Dozens of black executives and their spouses joined Senators Cory Booker and Kamala Harris, as well as Eric H. Holder Jr., the former attorney general, for a private dinner in July in Bridgehampton, N.Y. Over kale salad and sea bass on the grounds of a hotel, the executives sought advice about their intermittent fund-raising efforts to address political and social issues, and for the candidates who support those causes.
Ronald Kirk, a former mayor of Dallas and a lawyer who served in the Obama administration, had the bluntest message. “You’re wasting your money,” he recalled saying. “My advice is: Get organized.”
It was a crystallizing moment. Many attendees had long been part of an informal group of friends and associates who raised money for philanthropies or policy issues on an ad hoc basis. At the dinner, they decided it was time to use their wealth and stature in a more formal way.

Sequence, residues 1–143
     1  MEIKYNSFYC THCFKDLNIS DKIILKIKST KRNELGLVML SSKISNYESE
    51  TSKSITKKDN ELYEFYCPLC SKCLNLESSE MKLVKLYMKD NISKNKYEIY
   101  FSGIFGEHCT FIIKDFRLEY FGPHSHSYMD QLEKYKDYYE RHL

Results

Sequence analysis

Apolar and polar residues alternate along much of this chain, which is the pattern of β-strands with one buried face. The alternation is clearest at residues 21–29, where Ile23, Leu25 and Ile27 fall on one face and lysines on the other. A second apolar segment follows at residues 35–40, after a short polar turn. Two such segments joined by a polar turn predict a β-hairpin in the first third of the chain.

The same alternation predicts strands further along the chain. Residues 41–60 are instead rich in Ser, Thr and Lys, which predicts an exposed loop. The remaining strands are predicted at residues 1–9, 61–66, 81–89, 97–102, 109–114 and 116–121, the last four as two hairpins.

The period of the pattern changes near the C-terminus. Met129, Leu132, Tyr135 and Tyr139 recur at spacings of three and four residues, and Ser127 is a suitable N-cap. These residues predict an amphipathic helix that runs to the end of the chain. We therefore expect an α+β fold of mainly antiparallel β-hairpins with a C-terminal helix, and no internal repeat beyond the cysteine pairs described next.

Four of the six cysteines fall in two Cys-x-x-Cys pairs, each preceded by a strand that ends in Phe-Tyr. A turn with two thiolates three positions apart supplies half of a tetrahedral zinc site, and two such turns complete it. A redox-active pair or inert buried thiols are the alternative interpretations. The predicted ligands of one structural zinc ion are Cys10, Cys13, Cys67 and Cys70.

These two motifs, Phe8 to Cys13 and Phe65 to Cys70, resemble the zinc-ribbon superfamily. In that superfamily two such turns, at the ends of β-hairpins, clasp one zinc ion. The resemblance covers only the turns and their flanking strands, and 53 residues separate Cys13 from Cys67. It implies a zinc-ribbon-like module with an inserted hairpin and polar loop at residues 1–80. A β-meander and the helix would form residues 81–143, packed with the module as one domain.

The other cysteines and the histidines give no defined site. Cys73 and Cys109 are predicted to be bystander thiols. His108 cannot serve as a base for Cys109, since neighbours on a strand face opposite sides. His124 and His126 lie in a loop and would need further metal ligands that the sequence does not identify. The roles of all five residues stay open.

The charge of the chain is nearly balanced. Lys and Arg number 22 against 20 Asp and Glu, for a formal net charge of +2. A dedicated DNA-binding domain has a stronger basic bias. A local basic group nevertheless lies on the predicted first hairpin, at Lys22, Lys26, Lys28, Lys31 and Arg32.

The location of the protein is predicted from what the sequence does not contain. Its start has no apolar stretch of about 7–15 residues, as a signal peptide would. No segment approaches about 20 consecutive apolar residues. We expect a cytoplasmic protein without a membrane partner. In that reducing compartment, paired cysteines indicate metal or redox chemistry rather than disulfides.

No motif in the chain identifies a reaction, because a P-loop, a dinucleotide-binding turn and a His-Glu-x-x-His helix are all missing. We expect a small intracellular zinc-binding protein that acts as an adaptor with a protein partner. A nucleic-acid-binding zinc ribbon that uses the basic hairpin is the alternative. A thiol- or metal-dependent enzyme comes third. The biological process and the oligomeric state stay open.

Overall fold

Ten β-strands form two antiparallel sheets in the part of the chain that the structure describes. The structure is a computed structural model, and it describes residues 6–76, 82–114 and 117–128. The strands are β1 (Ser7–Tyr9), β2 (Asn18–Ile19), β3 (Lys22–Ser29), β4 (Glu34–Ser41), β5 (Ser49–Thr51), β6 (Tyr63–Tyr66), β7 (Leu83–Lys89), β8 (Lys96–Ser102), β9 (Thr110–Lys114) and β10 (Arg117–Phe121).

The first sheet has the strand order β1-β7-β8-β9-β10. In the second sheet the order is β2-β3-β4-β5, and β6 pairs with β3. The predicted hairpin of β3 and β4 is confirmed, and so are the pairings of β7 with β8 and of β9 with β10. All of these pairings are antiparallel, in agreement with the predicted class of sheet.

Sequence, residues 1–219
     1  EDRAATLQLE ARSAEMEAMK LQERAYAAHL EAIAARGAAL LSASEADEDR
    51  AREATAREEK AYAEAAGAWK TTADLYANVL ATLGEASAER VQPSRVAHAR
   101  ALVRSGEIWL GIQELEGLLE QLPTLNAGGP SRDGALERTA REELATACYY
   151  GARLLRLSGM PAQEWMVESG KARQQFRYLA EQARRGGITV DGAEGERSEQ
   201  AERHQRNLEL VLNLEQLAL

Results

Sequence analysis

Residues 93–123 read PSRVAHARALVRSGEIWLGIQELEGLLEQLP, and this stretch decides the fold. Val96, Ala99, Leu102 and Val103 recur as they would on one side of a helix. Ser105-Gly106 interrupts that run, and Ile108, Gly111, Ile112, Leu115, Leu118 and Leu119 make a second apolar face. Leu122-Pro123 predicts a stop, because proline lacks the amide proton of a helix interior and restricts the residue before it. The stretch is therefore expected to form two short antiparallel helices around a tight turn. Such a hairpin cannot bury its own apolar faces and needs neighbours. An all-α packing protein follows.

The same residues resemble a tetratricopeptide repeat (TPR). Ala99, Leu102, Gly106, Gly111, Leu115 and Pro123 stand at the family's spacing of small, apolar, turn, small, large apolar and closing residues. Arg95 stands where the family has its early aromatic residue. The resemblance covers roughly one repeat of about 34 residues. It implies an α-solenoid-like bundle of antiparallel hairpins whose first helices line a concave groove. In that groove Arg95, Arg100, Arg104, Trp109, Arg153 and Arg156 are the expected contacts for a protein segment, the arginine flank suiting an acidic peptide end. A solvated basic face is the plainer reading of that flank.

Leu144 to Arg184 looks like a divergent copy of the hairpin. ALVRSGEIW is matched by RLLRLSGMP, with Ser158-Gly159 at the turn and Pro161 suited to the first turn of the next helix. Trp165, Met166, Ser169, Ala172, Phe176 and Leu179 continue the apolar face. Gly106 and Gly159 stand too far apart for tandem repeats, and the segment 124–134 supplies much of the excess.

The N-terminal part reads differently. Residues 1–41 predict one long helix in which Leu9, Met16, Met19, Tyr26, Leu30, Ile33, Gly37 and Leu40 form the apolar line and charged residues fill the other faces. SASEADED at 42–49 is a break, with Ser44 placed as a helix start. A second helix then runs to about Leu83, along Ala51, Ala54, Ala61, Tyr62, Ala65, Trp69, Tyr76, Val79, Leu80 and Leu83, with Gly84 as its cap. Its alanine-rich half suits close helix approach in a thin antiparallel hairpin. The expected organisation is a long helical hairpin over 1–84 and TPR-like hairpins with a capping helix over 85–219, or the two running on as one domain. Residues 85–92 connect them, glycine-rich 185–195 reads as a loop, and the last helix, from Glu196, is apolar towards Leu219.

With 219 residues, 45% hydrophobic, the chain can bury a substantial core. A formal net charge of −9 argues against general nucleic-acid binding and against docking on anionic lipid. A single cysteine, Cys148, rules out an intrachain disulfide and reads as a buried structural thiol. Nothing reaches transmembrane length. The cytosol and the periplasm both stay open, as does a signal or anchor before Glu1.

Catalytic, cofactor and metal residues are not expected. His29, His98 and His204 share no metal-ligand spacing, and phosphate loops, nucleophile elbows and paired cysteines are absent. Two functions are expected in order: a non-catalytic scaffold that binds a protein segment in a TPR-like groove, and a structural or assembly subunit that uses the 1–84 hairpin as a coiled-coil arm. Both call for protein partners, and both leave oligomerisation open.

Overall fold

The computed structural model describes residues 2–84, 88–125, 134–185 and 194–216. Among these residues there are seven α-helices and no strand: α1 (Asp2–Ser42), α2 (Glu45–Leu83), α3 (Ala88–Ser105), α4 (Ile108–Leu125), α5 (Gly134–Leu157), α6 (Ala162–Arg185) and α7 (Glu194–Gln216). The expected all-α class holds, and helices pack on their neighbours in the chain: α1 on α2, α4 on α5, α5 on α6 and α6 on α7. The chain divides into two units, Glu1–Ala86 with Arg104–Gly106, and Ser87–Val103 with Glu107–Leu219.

By early 2018, the group hopes to start a political action committee, creating a new fund-raising model for corporate executives of color. The group would support candidates of any political party who fit the PAC’s agenda.
NATIONAL MUSEUM OF AFRICAN AMERICAN HISTORY & CULTURE | WASHINGTON, DC
The National Museum of African American History and Culture is the only national museum devoted exclusively to the documentation of African American life, history, and culture. It was established by Act of Congress in 2003, following decades of efforts to promote and highlight the contributions of African Americans. To date, the Museum has collected more than 36,000 artifacts and nearly 100,000 individuals have become charter members. The Museum opened to the public on September 24, 2016, as the 19th and newest museum of the Smithsonian Institution. (Website).